Week 9 Saints 20-17 Saints (6-3) Can usually count on the Saints and Bucs to split the division series. And once again, the oldest QB matchup ever. Put on some episodes of MASH. Get your Bingo cards ready. It’s geriatric QB time.
Week 10 @Panthers 41-21 Bucs (7-3) Will there be a season by this point? I don’t know. But I still like the Bucs to sweep the series with the Panthers this season.
Week 11 LA Rams 24-17 Rams (7-4) Rams offense is all of a sudden looking less like the powerhouse it was from a few years ago, but their defense is still nasty. Aaron Donald will make any QB poop their pants, including Tom Brady. This will be a violent defensive battle and I think the Rams will take the edge.
Week 12 Chiefs 37-27 Chiefs (7-5) For years on NFL going back to his time at Texas Tech, I told you all to get on board the Mahomes canoe. Love seeing him already building his Madden legacy. I’m just not going to bet against him right now.
Week 13 Bye N/A I have no way of confirming this, but I’m fairly certain during the bye week Bruce Arians clears out his office and runs an illegal cockfighting ring with his assistant coaches. You can’t convince me I’m wrong.
Week 14 Vikings 31-28 Bucs (8-5) Vikings remain a balanced team on offense and defense and the Zim Zamm still can’t be flim flammed. Close game here that will be a defensive battle with a few big time plays on offense sprinkled in.
Week 15 Falcons 34-27 Falcons (8-6) I’m glad to see Raheem Morris back in a DC position after seeing him work his way back up the coaching ranks. Always one of my favorite Buccaneer coaches despite his (many) flaws. I pick the Falcons in our first matchup because of one man and only one man: Julio Jones. Jones has now played a full 16 games in his career against Tampa, coming up with a staggering 116 catches for 1,841 yards and 11 TD’s. That’s cruelty.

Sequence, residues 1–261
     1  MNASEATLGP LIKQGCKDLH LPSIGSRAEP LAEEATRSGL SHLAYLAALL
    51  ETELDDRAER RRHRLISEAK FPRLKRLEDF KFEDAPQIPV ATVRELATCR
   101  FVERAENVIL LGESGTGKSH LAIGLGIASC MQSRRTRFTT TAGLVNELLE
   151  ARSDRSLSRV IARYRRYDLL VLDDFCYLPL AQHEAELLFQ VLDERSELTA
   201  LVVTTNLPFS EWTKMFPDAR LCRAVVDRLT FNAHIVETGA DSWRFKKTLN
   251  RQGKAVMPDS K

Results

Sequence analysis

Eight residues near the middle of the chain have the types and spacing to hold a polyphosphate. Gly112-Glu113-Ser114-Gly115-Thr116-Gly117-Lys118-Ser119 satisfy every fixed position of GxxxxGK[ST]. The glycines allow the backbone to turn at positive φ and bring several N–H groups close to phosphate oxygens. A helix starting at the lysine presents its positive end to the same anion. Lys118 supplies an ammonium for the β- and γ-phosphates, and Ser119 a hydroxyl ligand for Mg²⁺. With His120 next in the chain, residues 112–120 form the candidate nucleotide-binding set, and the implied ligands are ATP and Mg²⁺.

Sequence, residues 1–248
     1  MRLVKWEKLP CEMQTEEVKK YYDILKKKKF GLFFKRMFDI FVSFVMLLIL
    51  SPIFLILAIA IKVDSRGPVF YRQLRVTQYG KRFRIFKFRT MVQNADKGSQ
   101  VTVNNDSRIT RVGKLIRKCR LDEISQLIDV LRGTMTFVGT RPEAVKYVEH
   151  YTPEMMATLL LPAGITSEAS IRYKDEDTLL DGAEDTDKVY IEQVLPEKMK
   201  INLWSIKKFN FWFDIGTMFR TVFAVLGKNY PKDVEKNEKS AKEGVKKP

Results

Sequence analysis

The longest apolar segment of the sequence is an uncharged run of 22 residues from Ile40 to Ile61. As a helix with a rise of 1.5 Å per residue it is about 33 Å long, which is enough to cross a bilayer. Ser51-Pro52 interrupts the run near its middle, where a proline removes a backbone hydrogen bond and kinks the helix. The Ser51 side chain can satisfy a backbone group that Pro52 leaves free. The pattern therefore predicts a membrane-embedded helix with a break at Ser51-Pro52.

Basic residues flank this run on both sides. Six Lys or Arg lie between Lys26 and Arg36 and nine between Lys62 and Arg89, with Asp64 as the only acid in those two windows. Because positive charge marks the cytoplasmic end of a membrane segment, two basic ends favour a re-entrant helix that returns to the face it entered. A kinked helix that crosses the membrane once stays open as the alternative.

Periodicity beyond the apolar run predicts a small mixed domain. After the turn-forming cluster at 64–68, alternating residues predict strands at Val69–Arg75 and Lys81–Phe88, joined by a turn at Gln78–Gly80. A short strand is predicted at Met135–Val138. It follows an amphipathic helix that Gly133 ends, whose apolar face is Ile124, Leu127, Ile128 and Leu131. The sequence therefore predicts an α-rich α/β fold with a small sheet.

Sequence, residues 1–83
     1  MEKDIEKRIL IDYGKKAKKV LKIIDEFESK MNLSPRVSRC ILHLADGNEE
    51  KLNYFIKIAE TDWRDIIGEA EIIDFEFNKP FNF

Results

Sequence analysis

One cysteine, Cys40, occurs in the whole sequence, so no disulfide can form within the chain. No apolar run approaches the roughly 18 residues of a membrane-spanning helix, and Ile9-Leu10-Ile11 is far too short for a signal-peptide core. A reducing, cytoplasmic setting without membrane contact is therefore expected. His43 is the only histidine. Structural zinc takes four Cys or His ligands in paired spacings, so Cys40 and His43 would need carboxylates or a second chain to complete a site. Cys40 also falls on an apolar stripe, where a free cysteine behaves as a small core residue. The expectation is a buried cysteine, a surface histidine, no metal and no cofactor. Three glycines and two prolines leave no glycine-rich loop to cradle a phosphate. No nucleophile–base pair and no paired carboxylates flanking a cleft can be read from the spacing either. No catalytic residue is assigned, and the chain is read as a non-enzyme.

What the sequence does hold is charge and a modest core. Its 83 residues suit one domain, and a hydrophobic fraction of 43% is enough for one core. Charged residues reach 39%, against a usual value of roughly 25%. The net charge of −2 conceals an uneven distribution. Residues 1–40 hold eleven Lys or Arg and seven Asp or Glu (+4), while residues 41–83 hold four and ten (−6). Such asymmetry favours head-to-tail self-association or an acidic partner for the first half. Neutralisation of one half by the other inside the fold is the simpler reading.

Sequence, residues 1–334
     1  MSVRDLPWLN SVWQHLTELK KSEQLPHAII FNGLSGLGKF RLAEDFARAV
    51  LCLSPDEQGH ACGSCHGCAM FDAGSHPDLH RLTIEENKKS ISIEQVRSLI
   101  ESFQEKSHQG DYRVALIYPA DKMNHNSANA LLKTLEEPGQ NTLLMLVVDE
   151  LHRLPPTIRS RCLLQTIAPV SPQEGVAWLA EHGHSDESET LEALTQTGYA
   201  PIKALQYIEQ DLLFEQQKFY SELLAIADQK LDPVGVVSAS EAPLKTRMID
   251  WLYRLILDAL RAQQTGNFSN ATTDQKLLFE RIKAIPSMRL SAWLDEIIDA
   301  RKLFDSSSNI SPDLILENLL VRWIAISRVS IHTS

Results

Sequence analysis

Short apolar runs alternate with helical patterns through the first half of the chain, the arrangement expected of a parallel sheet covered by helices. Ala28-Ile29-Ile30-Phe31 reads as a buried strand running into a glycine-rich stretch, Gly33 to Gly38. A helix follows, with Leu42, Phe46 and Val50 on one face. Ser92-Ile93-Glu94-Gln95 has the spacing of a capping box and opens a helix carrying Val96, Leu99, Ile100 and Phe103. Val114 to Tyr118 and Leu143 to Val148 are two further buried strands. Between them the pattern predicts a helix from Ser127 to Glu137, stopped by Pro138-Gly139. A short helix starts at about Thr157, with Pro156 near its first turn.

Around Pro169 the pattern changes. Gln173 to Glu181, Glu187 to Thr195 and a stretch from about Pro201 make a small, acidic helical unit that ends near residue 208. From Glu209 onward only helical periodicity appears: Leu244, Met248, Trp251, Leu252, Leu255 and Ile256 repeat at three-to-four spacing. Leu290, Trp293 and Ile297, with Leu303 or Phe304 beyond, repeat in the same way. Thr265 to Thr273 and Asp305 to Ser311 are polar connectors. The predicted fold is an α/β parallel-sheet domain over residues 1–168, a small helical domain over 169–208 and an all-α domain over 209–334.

Week 16 Lions 41-14 Bucs (9-6) I have a feeling by this point in the season, Fat Patricia will be one of the first Head Coaches fired and the Lions will be staffed by Interim Head Coach Darrell Bevell. The Bucs will be playing a team with a wounded ego ready to be put down like Old Yeller.
Week 17 Falcons 28-3 Bucs (10-6) Bucs fight hard to squeak into the playoffs, their first appearance since 2007.
Final Projection: Bucs win wild card, lose in the Divisional Round

Projected Starting Lineup & Analysis: Offense

QB- Tom Brady: See above analysis. Probably Wrong Projected Stats: 4,438 yards, 67.1% completion percentage, 33 TD’s, 13 INT’s
WR1 – Mike Evans: At only 26 years old, Mike Evans already sits at 128th all-time on the career receiving yards list, and has a chance to pass [checks notes] Michael Crabtree on the all-time list this season. In every season in the league, Evans has surpassed 1,000 yards and has become a hallmark of consistency, even with the suspect supporting cast around him. Having an accurate QB for the first time in his career will be a huge benefits to Evans. Probably Wrong Projected Stats: 70 receptions, 1,213 yards, 6 TD’s
WR2 – Chris Godwin: Godwin had a brilliant breakout last season, earning 2nd Team All-Pro honors (that probably would have been 1st team had his season not been cut short by injury). While Evans might be the bigger threat, Godwin is among the most complete receivers in the league. A fantastic route runner with sure hands—and perhaps his most overlooked quality is his blocking. Find me a WR who does it better right now. You won’t. Probably Wrong Projected Stats: 77 receptions, 1,387 yards, 7 TD’s